ICB Seminar


Biochemical trajectories in developing tissues and cancer

Ph.D. Yogesh Goyal, Princeton University

Biological processes, such as tissue development and homeostasis, are complex yet precise and robust. At the same time, certain perturbations can disrupt this robustness and specificity, leading to abnormal outcomes, i.e. disease. I am broadly interested in understanding the origins of such abnormalities, which often result from alterations in the spatiotemporal dynamics of underlying biochemical signaling processes. 

In the first part of this talk, I will describe some of the quantitative frameworks we developed to monitor and control the effects of signaling perturbations in developing fly tissues. We used these tools to study the effect of pathogenic mutations on developmental outcomes. Studies in test tubes and cultured cells have shown that disease-causing mutations in the enzyme makes it constitutively active, leading to a higher than normal signaling output. Instead, using our highly resolved spatiotemporal experimental platforms, we found that these mutations can both increase and reduce the levels of signaling output in developing tissues, a surprising, yet significant result. Our discovery has implications for the basic understanding of a large class of developmental abnormalities and urges caution when it comes to considering their pharmacological treatments.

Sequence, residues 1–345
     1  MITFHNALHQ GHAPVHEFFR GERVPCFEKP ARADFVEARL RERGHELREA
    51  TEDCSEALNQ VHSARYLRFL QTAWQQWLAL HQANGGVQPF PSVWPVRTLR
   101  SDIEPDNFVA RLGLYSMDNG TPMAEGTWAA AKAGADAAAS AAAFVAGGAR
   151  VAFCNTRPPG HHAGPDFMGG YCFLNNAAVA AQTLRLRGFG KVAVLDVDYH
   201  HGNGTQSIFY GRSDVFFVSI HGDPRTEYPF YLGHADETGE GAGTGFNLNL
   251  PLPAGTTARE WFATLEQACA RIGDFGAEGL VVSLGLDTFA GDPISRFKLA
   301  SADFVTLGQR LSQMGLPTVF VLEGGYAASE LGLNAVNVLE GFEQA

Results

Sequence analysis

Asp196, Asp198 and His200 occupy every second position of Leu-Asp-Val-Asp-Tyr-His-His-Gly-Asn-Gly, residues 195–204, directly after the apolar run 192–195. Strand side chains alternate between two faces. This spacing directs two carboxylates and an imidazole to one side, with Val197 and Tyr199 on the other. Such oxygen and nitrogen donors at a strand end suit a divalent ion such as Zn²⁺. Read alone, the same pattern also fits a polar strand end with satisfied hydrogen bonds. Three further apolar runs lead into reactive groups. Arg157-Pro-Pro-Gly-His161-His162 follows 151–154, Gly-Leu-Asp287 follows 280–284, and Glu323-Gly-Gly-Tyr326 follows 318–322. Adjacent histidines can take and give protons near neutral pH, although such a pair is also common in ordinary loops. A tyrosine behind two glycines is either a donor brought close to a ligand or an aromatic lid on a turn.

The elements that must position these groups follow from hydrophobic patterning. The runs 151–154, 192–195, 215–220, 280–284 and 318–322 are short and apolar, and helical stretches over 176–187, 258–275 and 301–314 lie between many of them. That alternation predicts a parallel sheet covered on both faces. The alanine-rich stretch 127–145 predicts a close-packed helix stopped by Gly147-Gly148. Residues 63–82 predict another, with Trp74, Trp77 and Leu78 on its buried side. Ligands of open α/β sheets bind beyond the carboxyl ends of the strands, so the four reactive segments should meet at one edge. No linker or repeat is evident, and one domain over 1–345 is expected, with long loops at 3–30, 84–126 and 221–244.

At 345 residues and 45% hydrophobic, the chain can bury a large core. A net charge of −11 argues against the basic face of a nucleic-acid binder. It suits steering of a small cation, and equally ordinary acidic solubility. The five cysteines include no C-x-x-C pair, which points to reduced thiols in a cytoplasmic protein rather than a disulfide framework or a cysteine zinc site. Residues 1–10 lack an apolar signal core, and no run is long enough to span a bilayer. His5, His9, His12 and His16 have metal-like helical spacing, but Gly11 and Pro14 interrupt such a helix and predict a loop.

The second part of the talk will focus on cellular plasticity and reprogramming in the melanoma model of therapy resistance. In particular, recent studies have shown that rare subpopulations (1 in 3000) of melanoma cells exhibit non-genetic plasticity where they occupy a transient state capable of withstanding drug exposure and can be reprogrammed to become stably resistant upon drug addition. I will present our ongoing experimental and computational work on a) understanding the origins of these rare transient cellular states and b) mapping the lineage trajectories from transiently plastic states to drug-induced reprogrammed state(s) at single cell resolution. Together, our multiscale approaches can be used to elucidate and synthesize biochemical and phenotypic trajectories in response to perturbations.

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